A problem I gave as review for our statistics test today became not only a source of conversation regarding vocabulary, but provided me some insight into the problem solving approaches of my students.

Here’s the problem. A list of numbers is given, listed in order, with some numbers removed:

The list has the following characteristics:

- A mean of 76
- A range of 32
- An inter-quartile range of 21

Many students quickly understood the last blank must be 92, due to the range, but then became stuck. As we’ve never explicity seen a problem like this before, the reactions from students was fascinating. Some pockets of students had no fear in drawing circles and arrows to break down the data set. Others preferred to talk ideas out, but without putting pen to paper this doesn’t lead to solutions right away. I was thrilled to see a few students step up and take the lead, and explain their ideas to others, which then led to breakthroughs. Identifying the positions of median and quartiles here lets us fill in one of the missing numbers:

But a subset of my class was content to watch from afar, waiting for hints which they assumed would come. Or worse, tuning out until I presented an explanation to the class….which never came.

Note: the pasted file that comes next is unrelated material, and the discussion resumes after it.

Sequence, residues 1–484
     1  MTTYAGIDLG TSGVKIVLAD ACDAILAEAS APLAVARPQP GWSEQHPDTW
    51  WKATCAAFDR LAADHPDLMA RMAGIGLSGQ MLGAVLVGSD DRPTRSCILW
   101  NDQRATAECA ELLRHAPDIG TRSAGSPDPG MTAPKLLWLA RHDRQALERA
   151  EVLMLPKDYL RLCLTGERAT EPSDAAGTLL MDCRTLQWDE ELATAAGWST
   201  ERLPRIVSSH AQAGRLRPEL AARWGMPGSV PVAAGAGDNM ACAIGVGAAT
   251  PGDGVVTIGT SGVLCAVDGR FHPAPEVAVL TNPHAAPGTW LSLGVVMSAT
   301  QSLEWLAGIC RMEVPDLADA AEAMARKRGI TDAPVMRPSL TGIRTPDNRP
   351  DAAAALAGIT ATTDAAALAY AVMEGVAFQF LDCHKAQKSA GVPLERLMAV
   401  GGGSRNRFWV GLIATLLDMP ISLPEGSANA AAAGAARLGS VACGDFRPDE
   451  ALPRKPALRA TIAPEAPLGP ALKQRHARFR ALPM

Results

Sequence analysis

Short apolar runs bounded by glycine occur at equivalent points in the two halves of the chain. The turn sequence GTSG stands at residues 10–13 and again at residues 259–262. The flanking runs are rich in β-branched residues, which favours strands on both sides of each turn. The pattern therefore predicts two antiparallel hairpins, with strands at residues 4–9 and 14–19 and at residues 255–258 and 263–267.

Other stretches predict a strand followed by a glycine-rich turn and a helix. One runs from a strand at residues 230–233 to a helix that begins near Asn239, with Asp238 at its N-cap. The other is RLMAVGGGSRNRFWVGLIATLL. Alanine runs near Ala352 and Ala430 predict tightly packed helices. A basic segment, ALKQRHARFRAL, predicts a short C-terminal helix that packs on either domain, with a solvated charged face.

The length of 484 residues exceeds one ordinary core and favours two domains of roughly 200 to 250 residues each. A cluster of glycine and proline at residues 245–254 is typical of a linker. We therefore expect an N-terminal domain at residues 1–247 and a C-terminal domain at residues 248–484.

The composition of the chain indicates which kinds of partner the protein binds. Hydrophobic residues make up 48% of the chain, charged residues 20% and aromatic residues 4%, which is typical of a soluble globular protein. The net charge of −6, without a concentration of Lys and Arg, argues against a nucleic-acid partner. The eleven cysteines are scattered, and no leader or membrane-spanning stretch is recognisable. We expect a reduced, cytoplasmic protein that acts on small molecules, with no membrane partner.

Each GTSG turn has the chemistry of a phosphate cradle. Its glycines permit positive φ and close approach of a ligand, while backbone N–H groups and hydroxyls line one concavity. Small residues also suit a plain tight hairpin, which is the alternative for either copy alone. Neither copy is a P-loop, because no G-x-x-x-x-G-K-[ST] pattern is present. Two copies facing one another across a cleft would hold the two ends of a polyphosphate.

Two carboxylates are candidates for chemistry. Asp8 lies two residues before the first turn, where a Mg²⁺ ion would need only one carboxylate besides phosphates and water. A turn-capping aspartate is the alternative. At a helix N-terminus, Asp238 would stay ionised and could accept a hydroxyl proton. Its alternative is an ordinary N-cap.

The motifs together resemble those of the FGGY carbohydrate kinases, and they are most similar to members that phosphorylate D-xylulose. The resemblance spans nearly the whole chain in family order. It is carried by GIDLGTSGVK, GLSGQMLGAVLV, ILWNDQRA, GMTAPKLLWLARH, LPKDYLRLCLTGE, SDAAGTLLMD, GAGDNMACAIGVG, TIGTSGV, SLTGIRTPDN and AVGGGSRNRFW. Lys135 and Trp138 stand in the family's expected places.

And that last blank caused more trouble than I would have expected, as some students had trouble making the connection between the mean of a data set and the sum of its elements. To help with this, I asked struggling students to provide me with any 4 numbers which had a mean of 10 (making them different numbers). I asked students what I should be looking for to check accuracy besides computing the mean….and then, the light bulb! All lists need to add up to 40! So without explictly doing the empty blank problem in front of us, I sent students back to the board to think about this fact. And the results were satisfying, as many of my fringe students could now complete the task and explain their procedure to their peers.

Students need to understand math ideas in many forms, and the concept of mean here demonstrates this need. If you ask a student how to compute a mean, they most likely have little difficulty, and have had much practice:

Mean = sum of “scores” / count of “scores”

But in the missing numbers puzzle, the concept “felt” different and thus “new” to many students. For me, this is where many students struggle in math classrooms. Are we showing students how ideas and problems connect to big ideas? Or does each combination of an existing problem become treated like a new experience? It’s hard to break the pattern of students wanting specific rules for each type of math problem, when this is often the math conditioning they receive. But it’s worth the hard-fought battle.

And if you had fun with the challenge at the start of this post, try the similar problem I give later as an assessment: